This file contains the names of new whole subdirectories under the top-level library source tree that should be included for this system. These subdirectories are treated just like the system-independent subdirectories in the library source tree, such as `stdio' and `math'.

Use this when there are completely new sets of functions and header files that should go into the library for the system this subdirectory of `sysdeps' implements. For example, `sysdeps/unix/inet/Subdirs' contains `inet'; the `inet' directory contains various network-oriented operations which only make sense to put in the library on systems that support the Internet.


This file contains the names of files (relative to the subdirectory of `sysdeps' in which it appears) which should be included in the distribution. List any new files used by rules in the `Makefile' in the same directory, or header files used by the source files in that directory. You don't need to list files that are implementations (either C or assembly source) of routines whose names are given in the machine-independent makefiles in the main source tree.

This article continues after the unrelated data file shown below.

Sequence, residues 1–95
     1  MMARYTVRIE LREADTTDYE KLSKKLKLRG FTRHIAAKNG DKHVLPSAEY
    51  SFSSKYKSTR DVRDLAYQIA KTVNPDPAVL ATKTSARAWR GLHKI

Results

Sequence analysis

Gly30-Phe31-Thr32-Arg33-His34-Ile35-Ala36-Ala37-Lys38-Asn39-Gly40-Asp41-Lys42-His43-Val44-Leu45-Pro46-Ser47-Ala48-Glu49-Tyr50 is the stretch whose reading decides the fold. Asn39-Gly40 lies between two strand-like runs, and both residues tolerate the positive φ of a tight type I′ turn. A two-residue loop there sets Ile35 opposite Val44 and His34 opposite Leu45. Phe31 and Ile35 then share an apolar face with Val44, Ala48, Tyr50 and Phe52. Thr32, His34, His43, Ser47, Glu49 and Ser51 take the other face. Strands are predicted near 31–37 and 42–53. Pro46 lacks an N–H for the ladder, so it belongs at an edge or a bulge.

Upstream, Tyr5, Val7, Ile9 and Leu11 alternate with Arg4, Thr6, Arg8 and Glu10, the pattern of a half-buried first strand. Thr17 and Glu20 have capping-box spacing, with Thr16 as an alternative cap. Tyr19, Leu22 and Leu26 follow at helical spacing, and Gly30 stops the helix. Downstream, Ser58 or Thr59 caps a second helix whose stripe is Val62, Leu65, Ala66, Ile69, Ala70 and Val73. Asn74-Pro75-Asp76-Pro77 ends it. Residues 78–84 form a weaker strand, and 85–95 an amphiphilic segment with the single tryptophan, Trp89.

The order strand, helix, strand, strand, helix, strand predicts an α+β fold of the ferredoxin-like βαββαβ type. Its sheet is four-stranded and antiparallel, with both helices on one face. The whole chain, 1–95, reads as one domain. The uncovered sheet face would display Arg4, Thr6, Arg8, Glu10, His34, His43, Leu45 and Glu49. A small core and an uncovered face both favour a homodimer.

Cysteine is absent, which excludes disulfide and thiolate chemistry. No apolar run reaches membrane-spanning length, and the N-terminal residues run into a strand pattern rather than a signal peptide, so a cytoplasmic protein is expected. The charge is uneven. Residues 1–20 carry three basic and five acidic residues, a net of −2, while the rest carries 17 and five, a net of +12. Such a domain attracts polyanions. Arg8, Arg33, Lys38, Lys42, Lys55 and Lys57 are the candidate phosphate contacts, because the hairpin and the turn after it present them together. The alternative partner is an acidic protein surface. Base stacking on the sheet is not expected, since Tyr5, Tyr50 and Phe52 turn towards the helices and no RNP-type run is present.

This file is a shell script fragment to be run at configuration time. The top-level `configure' script uses the shell . command to read the `configure' file in each system-dependent directory chosen, in order. The `configure' files are often generated from `configure.in' files using Autoconf.

A system-dependent `configure' script will usually add things to the shell variables `DEFS' and `config_vars'; see the top-level `configure' script for details. The script can check for `--with-package' options that were passed to the top-level `configure'. For an option `--with-package=value' `configure' sets the shell variable `with_package' (with any dashes in package converted to underscores) to value; if the option is just `--with-package' (no argument), then it sets `with_package' to `yes'.


This file is an Autoconf input fragment to be processed into the file `configure' in this subdirectory. See section `Introduction' in Autoconf: Generating Automatic Configuration Scripts, for a description of Autoconf. You should write either `configure' or `configure.in', but not both. The first line of `configure.in' should invoke the m4 macro `GLIBC_PROVIDES'. This macro does several AC_PROVIDE calls for Autoconf macros which are used by the top-level `configure' script; without this, those macros might be invoked again unnecessarily by Autoconf.

That is the general system for how system-dependencies are isolated.

D.2.1 Layout of the `sysdeps' Directory Hierarchy  The layout of the `sysdeps' hierarchy.
D.2.2 Porting the GNU C Library to Unix Systems  Porting the library to an average Unix-like system.